Raw silk was the most important export commodity for China and Japan in the late 19th and early 20th centuries, accounting for approximately 20 to 40% of their total exports. In 1873 China exported three times as much raw silk as Japan, but by 1905 Japanese raw silk exports exceeded the Chinese. In 1930, Japanese raw silk exports tripled those of China.
Behind this dramatic reversal of export performance lie some fundamental differences in the evolutionary paths of these two national industries in a span of four decades. On the technology side, Japanese silk reeling industry successfully evolved from an initial imitator, to an adapter of European technology, to eventually becoming the world’s leader in silk reeling machinery in the 1920s and 1930s. China, however, remained largely as an imitator and adapter of foreign technology throughout the entire period.
During this period, the institutional structure of Japanese silk reeling firms went through several phases of transition from rural cooperatives, to family firms, to modern corporations. Distinctive of the Japanese silk reeling industry was the emergence of several large-scale, multi-national, vertically integrated silk reeling conglomerates around the turn of the last century. They were the pioneers of major technological and institutional innovations. These leading firms co-existed with a large number of highly competitive small reeling firms spread all over the country.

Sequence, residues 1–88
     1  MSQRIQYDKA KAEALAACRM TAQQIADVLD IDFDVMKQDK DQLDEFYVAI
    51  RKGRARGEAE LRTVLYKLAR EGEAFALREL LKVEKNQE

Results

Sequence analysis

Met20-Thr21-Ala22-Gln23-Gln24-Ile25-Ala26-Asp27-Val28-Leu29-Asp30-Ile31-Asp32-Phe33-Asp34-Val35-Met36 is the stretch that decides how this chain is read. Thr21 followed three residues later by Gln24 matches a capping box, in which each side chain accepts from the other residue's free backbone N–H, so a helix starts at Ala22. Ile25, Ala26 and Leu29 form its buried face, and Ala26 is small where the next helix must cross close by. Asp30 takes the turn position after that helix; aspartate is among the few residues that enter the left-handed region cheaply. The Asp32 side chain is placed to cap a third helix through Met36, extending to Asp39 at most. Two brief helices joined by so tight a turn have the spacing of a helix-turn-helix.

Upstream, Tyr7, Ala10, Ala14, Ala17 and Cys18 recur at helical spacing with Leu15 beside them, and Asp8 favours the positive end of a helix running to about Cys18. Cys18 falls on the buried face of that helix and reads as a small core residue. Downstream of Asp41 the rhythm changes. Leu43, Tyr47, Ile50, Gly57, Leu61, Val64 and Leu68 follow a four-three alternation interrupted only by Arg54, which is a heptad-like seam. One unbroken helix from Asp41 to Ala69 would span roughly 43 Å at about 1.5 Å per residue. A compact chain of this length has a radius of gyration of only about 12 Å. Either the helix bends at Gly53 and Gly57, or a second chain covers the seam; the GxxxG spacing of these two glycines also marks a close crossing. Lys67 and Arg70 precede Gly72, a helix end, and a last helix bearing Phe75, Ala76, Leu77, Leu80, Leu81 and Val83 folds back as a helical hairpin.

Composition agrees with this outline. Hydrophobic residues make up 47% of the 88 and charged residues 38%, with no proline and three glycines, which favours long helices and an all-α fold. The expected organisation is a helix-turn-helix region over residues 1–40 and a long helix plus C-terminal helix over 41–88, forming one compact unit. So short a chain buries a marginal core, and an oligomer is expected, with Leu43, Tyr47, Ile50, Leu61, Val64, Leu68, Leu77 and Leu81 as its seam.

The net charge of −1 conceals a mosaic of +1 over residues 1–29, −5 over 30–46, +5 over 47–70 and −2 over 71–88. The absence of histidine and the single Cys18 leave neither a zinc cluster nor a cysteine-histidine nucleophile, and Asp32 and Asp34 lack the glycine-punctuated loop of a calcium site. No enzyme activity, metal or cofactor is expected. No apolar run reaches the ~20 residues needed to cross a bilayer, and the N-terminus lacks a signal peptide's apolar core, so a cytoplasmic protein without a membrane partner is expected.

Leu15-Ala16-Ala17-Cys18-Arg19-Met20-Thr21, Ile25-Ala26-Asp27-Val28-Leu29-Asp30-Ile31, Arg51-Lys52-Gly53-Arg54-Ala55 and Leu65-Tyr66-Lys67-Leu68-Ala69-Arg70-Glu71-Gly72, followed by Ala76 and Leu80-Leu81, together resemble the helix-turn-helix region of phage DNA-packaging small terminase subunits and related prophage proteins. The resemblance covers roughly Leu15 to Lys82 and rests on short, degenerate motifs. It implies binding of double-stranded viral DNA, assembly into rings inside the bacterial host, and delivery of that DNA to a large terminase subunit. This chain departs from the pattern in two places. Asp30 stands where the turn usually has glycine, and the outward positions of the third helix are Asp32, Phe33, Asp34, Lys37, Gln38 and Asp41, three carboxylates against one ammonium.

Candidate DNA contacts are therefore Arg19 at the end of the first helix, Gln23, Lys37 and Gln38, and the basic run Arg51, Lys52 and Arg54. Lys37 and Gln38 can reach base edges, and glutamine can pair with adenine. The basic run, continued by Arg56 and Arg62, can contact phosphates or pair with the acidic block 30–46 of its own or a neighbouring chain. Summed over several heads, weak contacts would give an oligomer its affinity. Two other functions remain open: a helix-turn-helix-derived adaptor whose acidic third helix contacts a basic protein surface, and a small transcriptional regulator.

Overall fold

The case of Chinese silk reeling firms presents an interesting contrast. There was no cluster of a few giant silk reeling firms. The firm sizes, in comparison with those in Japan, were relatively uniform. In particular, a form of machine and factory rental system began to dominate the Chinese silk reeling industry. Under this system, owners of reeling factories would rent out their machines on an annual fixed fee. The separation of ownership and management was considered as an inhibiting factor to technological innovation.
Using both Chinese and Japanese sources, this paper constructs time series indices for capital labor ratio, partial and total factor productivities, average firm size, concentration ratio and ownership types for both Japan and China in the first three decades of the twentieth century. These statistics along with a comparative narrative are to show that the contrasting performance of these national industries is largely a consequence of the drastically different political and economic reform policies pursued by China and Japan since the 1860s. The development of Japanese silk reeling industry benefited directly from the Meiji legislatures on the protection of private enterprise, joint stock corporation and industrial patents, the promotion of industrial associations. The rapid build-up of modern transportation and communication and a national banking system in Japan also contributed significantly, in particular, to the rapid decline in barriers to learning and economy-wide transaction costs. Political and economic reforms, after much twists and turns, began to take hold in early 20th century and eventually contributed to a spectacular catch-up with Japanese silk reeling industry in the 1930s. This again supports my argument for linking the industrial competitiveness with economic policies.